Over the past couple of weeks, we’ve been following the controversy surrounding the Alamo Drafthouse and Fantastic Fest after revelations about the re-hiring of ousted film critic Devin Faraci at the company. But the Drafthouse isn’t the only movie theater currently facing hard truths about sexual harassment and rape culture within its ranks. Over the past couple of months, a similar—and extremely damning—controversy has surrounded L.A.-based theater Cinefamily, once the epicenter of obsessive cinema fandom in the city and a hip hangout spot for Hollywood types like Robert Downey Jr. (Full disclosure: This writer has participated in Cinefamily events in the past, as a guest and an organizer. The last time I was there was in 2013, and I am not involved in the lawsuit.)
Today, LA Weekly ran a comprehensive article detailing the events that led to Cinefamily’s purportedly temporary shuttering last month. Allegations of sexual and physical assault, harassment, and a pervasive culture of sexism at the theater—all of it surrounding board member Shadie Elnashai and founder Hadrian Belove—first became public via an anonymous email sent to film writers and distributors last month. That email contained the testimony of then-unnamed ex-employees who had filed multiple HR complaints that were ignored, and included pages from a lawsuit filed against Belove and Cinefamily alleging gender discrimination, sexual harassment, and assault and battery, among other charges.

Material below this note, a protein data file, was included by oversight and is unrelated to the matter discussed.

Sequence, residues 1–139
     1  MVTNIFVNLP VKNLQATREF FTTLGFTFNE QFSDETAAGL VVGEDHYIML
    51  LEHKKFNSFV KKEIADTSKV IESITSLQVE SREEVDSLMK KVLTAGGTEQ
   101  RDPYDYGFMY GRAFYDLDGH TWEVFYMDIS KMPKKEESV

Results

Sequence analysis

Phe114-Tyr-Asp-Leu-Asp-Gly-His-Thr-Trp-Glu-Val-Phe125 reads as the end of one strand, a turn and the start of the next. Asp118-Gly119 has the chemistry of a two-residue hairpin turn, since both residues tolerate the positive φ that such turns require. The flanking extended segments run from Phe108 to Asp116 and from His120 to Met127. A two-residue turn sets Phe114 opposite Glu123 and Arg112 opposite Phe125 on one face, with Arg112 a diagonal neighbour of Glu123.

Jennifer Swann’s meticulously reported article names those who were willing to be named, puts the theater’s fall into a historical timeline, and breaks down the charges against Elnashai and Belove in sickening detail. It’s a sobering read, and an upsetting one. But it’s an important read for anyone invested in film culture, feminism, and/or the intersection between the two. It was sad to see Cinefamily close, but the betrayal of the employees and volunteers who devoted their lives to the theater—Swann’s article describes routine 18-hour days—by unrepentant serial abusers was too great for the theater to stay open. The culture of fear and intimidation could not continue. And it’s only by exposing such flagrant abuses of power that we can ever hope to stop them.